USS Caldwell, a 1125-ton (normal displacement) four-stack destroyer built by the Mare Island Navy Yard, California, was the name ship of a class of six destroyers that reintroduced the soon to be widely used "flush deck" hull form to the U.S. destroyer force. USS CALDWELL (DD 69) was the first destroyer with 12 21-inch torpedo tubes. This was the first standard 21-inch torpedo tube installation. The Caldwell class of destroyers served in the United States Navy near the end of World War I. Keels were laid for four, beginning with Manley, in 1916, the other two were actually laid down after work had begun on the first Wickes-class ships.
Built in 1917 and 1918, the 6 ships of the Caldwell class were flush-decked to remove the fo'c'sle break weakness of the preceding Tucker class. In 1915 the American designers carried the high freeboard of the bow throughout the length of the vessel, thereby producing what was known as the flush-deck type. The forward sheer of the Caldwell class was improved to keep "A" turret from being constantly washed out. The class had beam torpedo tubes and wing turrets, both flaws in design.
The later classes, 1915 to 1918, had a continuous flush main deck from stem to stern, but with considerable sheer ; the bow, while less conspicuously elevated than in the earlier classes, having decidedly more freeboard than the stern. The change from the high and cut away forecastle to the flush deck produced great improvement in seaworthiness, habitability, and all around efficiency. In the flush-deck type, the reluctance to turn into the wind still existed, but in a much less marked degree ; while the tendency towards excessive leeway, which is characteristic of all destroyers because of their necessarily shallow draft and the large area which they expose to the wind, is somewhat increased.
The earliest of the flush-deck type (Caldwell, Craven, Conner, Gwin, Stockton and Mauley) lacked the fine underwater body lines of the later vessels of their class, being decidedly flat-bottomed forward, as a result of which feature they pound heavily when being driven into a sea and list deeply when the rudder is put over at high speed.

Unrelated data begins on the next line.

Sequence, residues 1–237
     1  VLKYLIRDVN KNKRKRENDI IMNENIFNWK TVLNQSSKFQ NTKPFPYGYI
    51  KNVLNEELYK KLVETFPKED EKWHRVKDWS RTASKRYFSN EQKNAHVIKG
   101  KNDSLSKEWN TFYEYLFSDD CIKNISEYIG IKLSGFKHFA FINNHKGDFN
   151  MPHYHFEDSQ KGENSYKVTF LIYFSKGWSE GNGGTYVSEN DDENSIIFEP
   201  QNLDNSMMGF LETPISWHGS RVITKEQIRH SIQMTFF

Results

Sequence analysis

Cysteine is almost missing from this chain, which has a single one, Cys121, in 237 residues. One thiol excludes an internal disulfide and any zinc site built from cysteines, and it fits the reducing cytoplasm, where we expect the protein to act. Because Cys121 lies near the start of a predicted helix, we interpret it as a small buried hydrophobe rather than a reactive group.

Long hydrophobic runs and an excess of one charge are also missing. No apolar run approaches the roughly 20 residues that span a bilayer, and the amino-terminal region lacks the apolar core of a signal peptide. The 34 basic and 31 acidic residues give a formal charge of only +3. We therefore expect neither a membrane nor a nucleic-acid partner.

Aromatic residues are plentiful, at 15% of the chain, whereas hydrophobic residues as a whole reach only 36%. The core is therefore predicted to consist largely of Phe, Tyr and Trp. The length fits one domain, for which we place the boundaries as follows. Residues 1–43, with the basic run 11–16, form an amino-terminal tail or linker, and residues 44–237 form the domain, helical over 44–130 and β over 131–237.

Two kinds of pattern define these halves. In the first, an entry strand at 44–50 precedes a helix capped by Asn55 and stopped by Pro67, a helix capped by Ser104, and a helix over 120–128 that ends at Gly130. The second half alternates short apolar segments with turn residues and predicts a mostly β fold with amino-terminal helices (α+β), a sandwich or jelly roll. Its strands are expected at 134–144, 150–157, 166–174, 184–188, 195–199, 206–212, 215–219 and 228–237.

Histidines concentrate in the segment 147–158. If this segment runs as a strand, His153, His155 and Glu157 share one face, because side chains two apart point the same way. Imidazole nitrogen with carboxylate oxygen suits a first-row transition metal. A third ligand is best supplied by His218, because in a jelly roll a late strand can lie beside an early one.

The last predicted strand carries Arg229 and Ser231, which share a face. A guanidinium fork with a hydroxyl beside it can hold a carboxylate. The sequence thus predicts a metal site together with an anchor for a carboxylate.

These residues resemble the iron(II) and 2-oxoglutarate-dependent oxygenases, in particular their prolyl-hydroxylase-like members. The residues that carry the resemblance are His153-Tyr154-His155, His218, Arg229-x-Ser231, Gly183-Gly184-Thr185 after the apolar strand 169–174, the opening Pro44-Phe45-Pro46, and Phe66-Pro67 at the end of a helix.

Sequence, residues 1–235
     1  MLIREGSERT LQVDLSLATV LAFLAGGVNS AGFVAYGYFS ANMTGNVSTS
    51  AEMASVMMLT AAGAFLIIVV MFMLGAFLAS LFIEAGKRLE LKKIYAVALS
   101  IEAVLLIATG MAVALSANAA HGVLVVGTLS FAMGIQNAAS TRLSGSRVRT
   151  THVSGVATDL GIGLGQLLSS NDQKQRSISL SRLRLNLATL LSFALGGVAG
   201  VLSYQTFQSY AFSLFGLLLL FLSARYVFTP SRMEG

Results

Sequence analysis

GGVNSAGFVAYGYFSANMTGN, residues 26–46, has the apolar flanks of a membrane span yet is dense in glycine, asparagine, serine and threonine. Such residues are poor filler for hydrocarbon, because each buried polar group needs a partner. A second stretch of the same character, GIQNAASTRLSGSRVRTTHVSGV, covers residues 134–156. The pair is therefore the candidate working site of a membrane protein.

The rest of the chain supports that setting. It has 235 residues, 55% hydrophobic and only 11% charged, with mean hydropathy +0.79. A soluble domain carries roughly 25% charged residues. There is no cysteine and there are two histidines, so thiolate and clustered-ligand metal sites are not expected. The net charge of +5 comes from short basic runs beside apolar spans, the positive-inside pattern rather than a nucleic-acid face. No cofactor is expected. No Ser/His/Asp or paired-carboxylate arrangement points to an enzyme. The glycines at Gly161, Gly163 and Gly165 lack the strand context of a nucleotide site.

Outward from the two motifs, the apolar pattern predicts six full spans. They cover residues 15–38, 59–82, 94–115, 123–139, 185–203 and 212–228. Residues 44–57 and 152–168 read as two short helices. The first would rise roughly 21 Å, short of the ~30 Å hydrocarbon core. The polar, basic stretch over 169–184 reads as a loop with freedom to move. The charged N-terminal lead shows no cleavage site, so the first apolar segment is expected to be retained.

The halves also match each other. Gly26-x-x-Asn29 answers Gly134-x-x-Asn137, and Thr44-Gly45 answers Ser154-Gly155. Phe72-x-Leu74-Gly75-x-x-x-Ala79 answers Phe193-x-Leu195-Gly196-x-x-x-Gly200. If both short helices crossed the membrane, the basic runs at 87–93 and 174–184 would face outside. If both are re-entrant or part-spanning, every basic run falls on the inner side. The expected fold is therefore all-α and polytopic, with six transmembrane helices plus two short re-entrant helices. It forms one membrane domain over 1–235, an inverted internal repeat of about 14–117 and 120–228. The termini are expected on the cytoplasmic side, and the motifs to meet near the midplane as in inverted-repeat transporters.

The destroyer of this type was of 1,100 tons displacement and 310 feet long. This vessel, a 30-knot boat, was the most advanced destroyer in use by the US Navy on the date of the declaration of war. When the United States entered the war in April 1917 there was already significant anxiety about a potential submarine threat off the East Coast. Further exacerbating this concern was the Navy's relative lack of first-line destroyers - approximately 50 in mid-1917 - and the decision to send most of those to Europe. A massive building program was already underway - it would lead to the eventual construction of 273 four-stack, "flush-deck" destroyers by 1921 - but for the rest of 1917, only two Sampson-class and the first three of the Caldwell class would be commissioned, and the need to escort troop convoys to France took top priority. As a stopgap, U.S. submarines were drawn increasingly into the anti-submarine campaign on the Atlantic and Gulf Coasts, and two divisions were even shifted from Hawaii and Puget Sound to bolster their ranks.
All served until 1922, when they were placed in reserve. USS Caldwell was decommissiond in late June 1922 and laid up at the Philadelphia Navy Yard, Pennsylvania. She was sold at the end of June 1936.
USS Manley (Destroyer No. 74) decommissioned at Philadelphia 14 June 1922. The destroyer recommissioned 1 May 1930 for service as an experimental torpedo-firing ship at Newport, R.I. On 19 August 1930 she joined the Scouting Fleet in battle practice along the eastern seaboard and in the Caribbean. Manley's high-speed destroyer transport (APD) conversion, removing her forward stacks and boilers, gave her the capacity to lift 200 Marines and four 11m (36') Higgins assault boats. Reclassified a miscellaneous auxiliary 28 November, she was redesignated AG-28. Manley was outfitted as a troop transport in the New York Navy Yard by 7 February 1939. She saw action at Guadalcanal and Kwajalein.
Throughout the growing crisis over the summer of 1940, as France and the Low Countries fell swiftly to the Nazi and British troops came back wet and bedraggled from the near-miraculous evacuation of Dunkirk, Churchill held firm to ensuring that America remained a reliable supplier of war materials to Great Britain. By the late summer of 1940, Great Britain was well along towards acquiring thousands of American aircraft to fulfill a variety of roles ranging from training and air combat to strategic bombing and maritime patrol.
Destroyers were more difficult, a "colossal political risk" for Roosevelt. Although the destroyer loan at first appeared unworkable, Roosevelt and his advisors, particularly the Secretaries of the Navy and War Departments, Frank Knox and Henry Stimson, labored over the summer of 1940 and were able to arrange a "destroyers for bases" deal that satisfied the requirements of wartime neutrality laws yet meet Britain's need for ships. By September 1940 the United States had negotiated a Destroyers-for-Bases deal with Great Britain, securing strategic military bases in British possessions in the Atlantic and Caribbean in exchange for fifty overage destroyers. Three entered Royal Navy service under the Destroyers for Bases Agreement as the Leeds-class. Leeds provided cover at Gold Beach on 6 June 1944; her sisters served as convoy escorts. All survived the war, two being sunk as targets and one scrapped, postwar.
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